From time to time you hear of people commending the benefits of meditation. Oprah Winfrey, Paul McCartney, Novak Djokovich – they all say they find it a tremendous help. Are they to be followed? Is it something Christians should engage in?
When we scratch below the surface, we find that the sort of meditation advocated is of the eastern Buddhist or Hindu sort. It usually advocates emptying the mind rather than filling it.
Christian meditation eschews mental passivity and calls on us to actively exert our mental energy.
A biographer said of the 19th-century Princeton professor Archibald Alexander: ‘From our earliest recollections, he had been accustomed to sit and muse in the evening twilight, often prolonging these hours far beyond the time when lights are usually demanded. These moments, though solemn, appeared to be pleasurable. In these he pursued his most fruitful trains of thought.
‘As he grew older, this sort of exercise was more frequent and protracted; and in no instance did it seem to merge into anything like slumber. It was a period to be gratefully remembered, as one of singular peace.’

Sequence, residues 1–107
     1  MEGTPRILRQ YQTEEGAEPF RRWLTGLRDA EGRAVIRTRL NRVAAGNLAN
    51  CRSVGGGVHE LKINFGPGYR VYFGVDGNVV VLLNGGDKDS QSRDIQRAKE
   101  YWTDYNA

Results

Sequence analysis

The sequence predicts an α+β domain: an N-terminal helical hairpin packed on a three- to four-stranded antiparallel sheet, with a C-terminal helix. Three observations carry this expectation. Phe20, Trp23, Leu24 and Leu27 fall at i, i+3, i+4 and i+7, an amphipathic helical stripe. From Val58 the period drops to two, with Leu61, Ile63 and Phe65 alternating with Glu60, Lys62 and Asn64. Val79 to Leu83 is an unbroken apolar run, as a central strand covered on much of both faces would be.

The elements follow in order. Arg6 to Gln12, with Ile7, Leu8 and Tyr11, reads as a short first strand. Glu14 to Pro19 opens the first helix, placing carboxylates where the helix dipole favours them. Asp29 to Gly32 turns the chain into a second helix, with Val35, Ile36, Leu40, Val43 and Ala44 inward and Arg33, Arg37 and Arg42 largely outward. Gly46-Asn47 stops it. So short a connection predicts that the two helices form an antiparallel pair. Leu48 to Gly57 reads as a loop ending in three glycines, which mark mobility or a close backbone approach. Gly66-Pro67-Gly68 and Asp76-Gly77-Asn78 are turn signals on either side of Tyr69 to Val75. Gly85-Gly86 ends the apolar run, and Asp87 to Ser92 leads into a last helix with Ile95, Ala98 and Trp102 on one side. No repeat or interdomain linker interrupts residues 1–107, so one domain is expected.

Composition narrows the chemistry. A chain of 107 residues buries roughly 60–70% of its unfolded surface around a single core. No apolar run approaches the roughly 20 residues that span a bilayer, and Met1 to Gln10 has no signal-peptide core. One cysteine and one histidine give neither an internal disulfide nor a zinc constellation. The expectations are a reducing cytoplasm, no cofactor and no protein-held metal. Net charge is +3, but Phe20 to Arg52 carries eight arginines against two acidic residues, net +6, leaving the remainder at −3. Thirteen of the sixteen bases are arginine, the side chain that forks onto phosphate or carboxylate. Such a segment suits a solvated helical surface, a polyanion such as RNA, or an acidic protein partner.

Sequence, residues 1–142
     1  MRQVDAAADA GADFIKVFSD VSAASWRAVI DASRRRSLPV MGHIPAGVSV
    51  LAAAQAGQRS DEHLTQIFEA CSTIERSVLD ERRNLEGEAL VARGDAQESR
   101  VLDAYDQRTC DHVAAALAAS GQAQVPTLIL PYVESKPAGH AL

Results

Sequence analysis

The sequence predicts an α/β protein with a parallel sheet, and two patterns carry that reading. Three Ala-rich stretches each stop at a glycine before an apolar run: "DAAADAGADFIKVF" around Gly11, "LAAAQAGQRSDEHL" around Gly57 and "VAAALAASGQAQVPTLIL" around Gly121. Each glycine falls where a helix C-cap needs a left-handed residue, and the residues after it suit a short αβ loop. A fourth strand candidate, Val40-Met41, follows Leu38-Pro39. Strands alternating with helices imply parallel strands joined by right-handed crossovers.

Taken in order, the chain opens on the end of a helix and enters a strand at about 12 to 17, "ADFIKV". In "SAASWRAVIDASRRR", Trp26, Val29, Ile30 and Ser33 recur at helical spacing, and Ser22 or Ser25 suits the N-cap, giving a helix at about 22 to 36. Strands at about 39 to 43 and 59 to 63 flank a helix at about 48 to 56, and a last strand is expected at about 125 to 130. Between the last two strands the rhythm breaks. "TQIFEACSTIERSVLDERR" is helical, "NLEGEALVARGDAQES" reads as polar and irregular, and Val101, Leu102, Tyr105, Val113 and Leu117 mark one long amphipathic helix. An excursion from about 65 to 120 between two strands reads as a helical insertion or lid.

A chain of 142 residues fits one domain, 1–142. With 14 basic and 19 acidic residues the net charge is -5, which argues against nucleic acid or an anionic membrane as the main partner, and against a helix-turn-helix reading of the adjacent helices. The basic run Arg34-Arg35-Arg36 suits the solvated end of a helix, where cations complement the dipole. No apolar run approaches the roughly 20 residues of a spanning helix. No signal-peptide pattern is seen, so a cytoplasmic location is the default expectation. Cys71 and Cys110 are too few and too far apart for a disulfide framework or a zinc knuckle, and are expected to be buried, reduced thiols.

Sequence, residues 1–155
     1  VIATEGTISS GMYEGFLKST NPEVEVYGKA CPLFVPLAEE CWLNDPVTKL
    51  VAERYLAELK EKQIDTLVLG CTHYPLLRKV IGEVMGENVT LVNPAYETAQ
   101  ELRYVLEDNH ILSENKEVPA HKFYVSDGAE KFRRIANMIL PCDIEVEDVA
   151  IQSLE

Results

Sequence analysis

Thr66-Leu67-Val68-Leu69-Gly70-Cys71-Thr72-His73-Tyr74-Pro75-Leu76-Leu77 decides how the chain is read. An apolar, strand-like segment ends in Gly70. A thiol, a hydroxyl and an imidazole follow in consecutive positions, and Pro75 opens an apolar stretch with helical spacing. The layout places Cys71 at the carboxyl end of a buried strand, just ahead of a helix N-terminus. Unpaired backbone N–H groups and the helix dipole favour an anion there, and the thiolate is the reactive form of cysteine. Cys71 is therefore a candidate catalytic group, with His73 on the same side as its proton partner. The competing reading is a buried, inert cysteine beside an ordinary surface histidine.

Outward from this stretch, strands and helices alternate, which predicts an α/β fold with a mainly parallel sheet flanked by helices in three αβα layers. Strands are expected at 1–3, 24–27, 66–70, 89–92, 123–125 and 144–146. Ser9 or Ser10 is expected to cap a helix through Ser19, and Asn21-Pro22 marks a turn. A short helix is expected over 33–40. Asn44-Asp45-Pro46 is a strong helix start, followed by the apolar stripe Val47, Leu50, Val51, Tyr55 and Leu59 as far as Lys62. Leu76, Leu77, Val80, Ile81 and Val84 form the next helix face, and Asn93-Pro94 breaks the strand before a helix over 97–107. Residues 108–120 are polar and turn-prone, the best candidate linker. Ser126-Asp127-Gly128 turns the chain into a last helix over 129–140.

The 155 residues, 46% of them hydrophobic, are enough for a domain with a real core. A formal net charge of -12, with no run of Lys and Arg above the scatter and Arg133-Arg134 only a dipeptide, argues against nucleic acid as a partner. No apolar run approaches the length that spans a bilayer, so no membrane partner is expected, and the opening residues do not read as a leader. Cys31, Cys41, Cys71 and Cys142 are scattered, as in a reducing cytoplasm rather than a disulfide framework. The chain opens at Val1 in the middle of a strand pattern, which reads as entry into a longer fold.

Meditation of that sort is not always easy but it should be frequent and focused. Adequate time must be set aside for it. It is encouraged in Scripture: Psalm 119:15 speaks of meditating on God’s precepts and considering his ways; Philippians 4:8 encourages us with the words, ‘Whatever is true, whatever is noble, whatever is right, whatever is pure, whatever is lovely… think about such things.’
One Christian writer suggests a method for meditating along the following lines.
1. Focus your attention on the inescapable presence of God, his intimate nearness. Issues of time and place are secondary, though important. The rule is to do whatever is most conducive to concentration.
2. Peruse: read, repeat, write out, etc. (if it is Scripture). We do not want simply to learn things, but to get these things to take hold of us.
3. Engage your imagination; use your senses. Reflect deeply on the truth, brood over it, absorb it, and soak in it as you turn it over in your mind.
4. Pray, personalise, praise, practice. Meditation must always lead to adoration and celebration. Further, commit yourself to acting in line with your meditation.
Speaking on meditation, Spurgeon says it is not enough to gather grapes, we need to tread them out so that the juice is preserved and used to make good wine.
He likens it to a wrestler putting embrocation on his body to warm himself up for the match. It is also like a cow ruminating as it passes food through all four stomachs – we must slowly meditate on God’s Word and on similar matters.